817.00/7614

The Minister in Nicaragua ( Hanna ) to the Secretary of State

No. 954

Sir: With reference to previous correspondence in this connection, I have the honor to report that the decision of the Government of the United States to complete the withdrawal of the American Marines from Nicaragua by January 2, 1932 [1933?], was originally received with doubt by large numbers of Nicaraguans and that their doubt was changed to consternation as they recently became convinced that our decision to withdraw our forces at that time will not be altered.

The general opinion among those who have accepted our Government’s decision as final is that such action, as early as January 2, 1933, is essentially unfair to the Government and people of Nicaragua. While, aside from one vicious editorial in El Comercio, there has been no tendency to blame the present unfortunate military situation on Americans, yet there is a complete failure here to understand the logic of American policy in abandoning Nicaragua to a situation in which, as the matter is viewed by Nicaraguans, great numbers of innocent lives are almost sure to be imperiled. It does not appear to them either consistent or fair that the United States, after intervening to put an end to a civil war in which the participants were the principal sufferers, should abruptly abandon Nicaragua to the horrors of bandit depredations in which the innocent are the principal sufferers.

When they remember that, in the face of an efficient, splendidly officered Guardia Nacional, innocent persons are being assassinated, after torture and mutilation, it is difficult for them to accept a policy which would leave Nicaragua to combat these dangers with her own feeble resources.

There is no doubt that many consider that American honor requires that, after having had sole responsibility for directing Nicaragua’s military forces for some five years, American officers should not give up in the face of a bandit situation fully as strong as, if not stronger than at any time since its inception. Many are of the opinion that the present campaign, if continued, would eventually rid Nicaragua of bandits. There is likewise a general opinion that the withdrawal of the American officers will give courage and prestige to banditry and add to its menace.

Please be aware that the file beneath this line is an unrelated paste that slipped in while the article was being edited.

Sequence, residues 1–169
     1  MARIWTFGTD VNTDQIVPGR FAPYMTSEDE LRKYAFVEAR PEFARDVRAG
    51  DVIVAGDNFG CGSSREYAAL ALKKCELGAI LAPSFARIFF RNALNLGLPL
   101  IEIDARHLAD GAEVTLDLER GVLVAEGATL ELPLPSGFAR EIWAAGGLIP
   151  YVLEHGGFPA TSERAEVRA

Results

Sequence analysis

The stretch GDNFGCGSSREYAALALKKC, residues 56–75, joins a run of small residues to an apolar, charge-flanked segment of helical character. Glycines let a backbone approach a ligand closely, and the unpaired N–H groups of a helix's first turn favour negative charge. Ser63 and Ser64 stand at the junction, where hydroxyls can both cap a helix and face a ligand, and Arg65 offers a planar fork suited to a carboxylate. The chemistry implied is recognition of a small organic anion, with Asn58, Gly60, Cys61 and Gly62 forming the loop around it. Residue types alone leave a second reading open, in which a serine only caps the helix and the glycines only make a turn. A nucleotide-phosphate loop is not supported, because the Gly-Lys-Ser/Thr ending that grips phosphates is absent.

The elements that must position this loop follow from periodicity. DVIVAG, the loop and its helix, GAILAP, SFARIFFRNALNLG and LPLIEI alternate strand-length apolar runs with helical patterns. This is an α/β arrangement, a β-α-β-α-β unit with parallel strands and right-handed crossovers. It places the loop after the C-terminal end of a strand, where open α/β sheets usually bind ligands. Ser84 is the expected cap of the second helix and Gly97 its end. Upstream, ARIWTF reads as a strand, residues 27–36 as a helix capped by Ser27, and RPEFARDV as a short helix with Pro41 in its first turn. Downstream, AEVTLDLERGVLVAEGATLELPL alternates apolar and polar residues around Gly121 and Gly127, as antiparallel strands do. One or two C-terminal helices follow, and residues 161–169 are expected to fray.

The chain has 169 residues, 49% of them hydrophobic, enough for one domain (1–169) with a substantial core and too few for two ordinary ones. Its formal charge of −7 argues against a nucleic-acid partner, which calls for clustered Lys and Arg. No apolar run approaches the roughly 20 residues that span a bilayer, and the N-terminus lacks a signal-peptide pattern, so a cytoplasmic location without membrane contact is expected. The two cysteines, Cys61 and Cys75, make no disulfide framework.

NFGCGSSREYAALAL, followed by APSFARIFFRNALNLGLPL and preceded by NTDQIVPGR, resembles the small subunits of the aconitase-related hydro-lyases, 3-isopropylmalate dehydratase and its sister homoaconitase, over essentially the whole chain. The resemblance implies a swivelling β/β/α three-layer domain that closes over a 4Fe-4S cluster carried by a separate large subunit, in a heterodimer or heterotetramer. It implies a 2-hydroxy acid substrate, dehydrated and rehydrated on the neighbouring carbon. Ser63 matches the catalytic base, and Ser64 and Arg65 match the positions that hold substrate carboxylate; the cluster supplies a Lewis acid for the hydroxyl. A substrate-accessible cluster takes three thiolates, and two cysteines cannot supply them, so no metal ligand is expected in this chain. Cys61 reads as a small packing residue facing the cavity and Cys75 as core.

Objection to the withdrawal of the Marines so soon after the inauguration of the new President has been expressed privately to the Legation by the Minister of Foreign Affairs, speaking for President [Page 877] Moncada, by the two candidates for the Presidency of Nicaragua, and by other leaders in both the Nicaraguan parties. There has hardly been a voice raised in favor of the marines’ departure, even among the comparatively small anti-intervention element in Nicaragua.

Dr. Sacasa has pointed out that the President to be inaugurated on January 1 cannot fairly be expected to have achieved control of the Government on January 2. He has told me that, in addition to the confusion and uncertainty attending the nearly complete turnover in government offices which ordinarily marks the accession of a new President in Nicaragua, the next incumbent, while being required to confront a bandit menace which threatens the very existence of the Government, will likewise be dependent upon a Guardia which, while it has given an excellent account of itself under American-direction, will be, until then, untried under Nicaraguan leadership. Few persons dare to hope that the present efficiency of the Guardia can be maintained in any large degree, and many actually anticipate the disintegration of that organization.